Do this every day for about a week to 10 days . The results will blow your mind.

In our case the Jar which said ‘I love you was all white with very few green fungus bits, The jar which had I hate you written was all black and green and the ignored one was the worst, it was all fuzzy and mouldy. We could hardly see the rice.

Exactly same content, same environment, the only difference being the written word and the thought given to it. If words can do this to rice, imagine what they can do to us and to our life.

So now I had ammunition to show to my daughter. As she was the one who had done the writing, it was really her experiment. She immediately understood how what she said had an effect on people. No she has not become mother Teresa and neither have I, but we are now a bit more aware and conscious of the words we speak and the thoughts we think.

My mother used to always tell me… “if you have nothing nice to say, don’t bother saying it at all.” But did I listen?

Well, I guess it is never too late to start

Save the best for last!!!!!

Yesterday I gave my daughter some chocolates. She quickly gobbled up a few and kept her favorites one for later. I asked her why she had kept her favorite one and had the ones she did not particularly like? Her reply was “ Mummy, I am saving the best for last.”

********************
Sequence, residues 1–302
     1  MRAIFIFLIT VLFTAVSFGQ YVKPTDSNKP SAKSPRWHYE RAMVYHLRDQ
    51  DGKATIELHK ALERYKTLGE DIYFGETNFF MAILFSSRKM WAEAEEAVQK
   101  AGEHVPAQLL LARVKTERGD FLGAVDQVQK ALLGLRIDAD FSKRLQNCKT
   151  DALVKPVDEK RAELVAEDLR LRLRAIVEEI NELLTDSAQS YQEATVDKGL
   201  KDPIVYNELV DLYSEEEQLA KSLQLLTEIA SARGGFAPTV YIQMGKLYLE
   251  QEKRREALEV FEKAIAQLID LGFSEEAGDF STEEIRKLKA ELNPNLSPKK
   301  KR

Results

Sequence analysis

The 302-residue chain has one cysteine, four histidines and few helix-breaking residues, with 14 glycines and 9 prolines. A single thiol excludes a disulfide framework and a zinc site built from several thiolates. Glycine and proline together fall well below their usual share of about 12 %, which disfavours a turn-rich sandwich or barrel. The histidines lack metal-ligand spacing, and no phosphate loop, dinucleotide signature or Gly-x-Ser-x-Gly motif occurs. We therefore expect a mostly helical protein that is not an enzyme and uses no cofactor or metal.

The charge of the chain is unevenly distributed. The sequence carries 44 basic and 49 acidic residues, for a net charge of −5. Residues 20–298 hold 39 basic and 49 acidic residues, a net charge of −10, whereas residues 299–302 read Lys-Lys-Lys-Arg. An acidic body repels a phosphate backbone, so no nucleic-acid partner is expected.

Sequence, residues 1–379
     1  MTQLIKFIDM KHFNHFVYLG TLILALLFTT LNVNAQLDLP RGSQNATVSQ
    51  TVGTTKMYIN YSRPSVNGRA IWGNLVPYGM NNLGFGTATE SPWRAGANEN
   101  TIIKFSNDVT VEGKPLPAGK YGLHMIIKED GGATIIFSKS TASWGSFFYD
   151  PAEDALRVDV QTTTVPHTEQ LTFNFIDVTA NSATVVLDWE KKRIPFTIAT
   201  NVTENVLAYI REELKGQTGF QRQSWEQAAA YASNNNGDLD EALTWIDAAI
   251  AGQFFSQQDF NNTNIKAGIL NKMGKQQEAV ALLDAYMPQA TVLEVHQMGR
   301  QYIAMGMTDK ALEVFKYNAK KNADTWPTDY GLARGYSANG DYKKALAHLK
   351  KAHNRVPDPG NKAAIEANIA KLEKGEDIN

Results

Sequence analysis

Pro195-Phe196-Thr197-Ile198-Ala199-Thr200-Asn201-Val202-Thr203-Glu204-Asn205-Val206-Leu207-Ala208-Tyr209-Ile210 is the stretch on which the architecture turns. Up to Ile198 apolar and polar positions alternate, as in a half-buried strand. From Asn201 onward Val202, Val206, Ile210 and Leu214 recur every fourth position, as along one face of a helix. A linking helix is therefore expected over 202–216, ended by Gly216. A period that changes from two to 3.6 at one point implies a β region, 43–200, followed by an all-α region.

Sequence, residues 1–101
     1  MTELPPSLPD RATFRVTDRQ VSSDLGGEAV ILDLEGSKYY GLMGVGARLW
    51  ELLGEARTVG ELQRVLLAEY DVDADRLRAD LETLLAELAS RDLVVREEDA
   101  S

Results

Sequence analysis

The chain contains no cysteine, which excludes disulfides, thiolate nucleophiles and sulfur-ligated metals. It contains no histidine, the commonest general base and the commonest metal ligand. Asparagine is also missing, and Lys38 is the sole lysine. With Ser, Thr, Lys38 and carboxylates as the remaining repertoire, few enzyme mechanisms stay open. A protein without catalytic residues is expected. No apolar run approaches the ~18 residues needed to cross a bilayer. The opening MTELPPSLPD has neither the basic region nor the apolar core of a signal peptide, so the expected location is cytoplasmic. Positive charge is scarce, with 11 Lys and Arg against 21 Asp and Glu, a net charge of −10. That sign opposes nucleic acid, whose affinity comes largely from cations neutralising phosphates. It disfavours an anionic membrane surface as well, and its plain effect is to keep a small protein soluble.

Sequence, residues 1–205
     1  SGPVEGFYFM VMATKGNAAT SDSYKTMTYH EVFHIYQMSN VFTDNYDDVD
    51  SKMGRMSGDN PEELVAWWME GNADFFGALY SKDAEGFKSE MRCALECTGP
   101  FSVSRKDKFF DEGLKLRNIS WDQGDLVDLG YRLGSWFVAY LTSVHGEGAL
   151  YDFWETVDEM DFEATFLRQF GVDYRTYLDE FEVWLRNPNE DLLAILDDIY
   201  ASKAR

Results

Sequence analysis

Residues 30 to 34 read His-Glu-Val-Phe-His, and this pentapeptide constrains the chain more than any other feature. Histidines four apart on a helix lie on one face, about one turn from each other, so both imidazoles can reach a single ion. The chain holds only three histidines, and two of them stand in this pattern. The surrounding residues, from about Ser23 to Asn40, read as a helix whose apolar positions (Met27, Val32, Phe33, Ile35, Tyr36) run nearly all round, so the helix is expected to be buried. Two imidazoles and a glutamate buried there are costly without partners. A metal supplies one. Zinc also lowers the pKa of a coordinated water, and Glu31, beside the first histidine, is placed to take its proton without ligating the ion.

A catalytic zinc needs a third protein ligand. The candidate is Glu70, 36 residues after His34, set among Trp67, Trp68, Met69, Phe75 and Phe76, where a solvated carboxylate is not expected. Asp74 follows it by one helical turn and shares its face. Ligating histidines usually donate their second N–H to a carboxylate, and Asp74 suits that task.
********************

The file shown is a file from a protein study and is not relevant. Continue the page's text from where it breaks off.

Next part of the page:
I think I did exactly the same when I was young. In fact my mother used to do the same and I suspect her mother and grandmother did the same. Some where somehow in our psyche we have been programmed to save the best for last.

I’m not sure where this belief originated and whether it is the right thing to do or not? But it got me thinking…. Why do we save the best for last? What if that last was too late?

I remember a beautiful set of china in my house which always stayed neatly packed . I asked my mum, when we would use it? She said it was for a special occasion and that it was rather expensive, so we had to be extra careful with it. The result was that we never ended up using it. It stayed neatly wrapped occupying space in the cupboard. I left home when I was 20 and sort of forgot about it. When my mum passed away,iIt came upon me to sort out her stuff (Stuff that she had collected over years and that was neatly wrapped in tissue and plastic) I saw the expensive china dining set and with great trepidation opened it. It was beautiful, but it had gotten stained! It had never been used and yet it had gone brown and showed very fine cracks. I saw it and cried and cried.

Maybe it was not that special after all!!!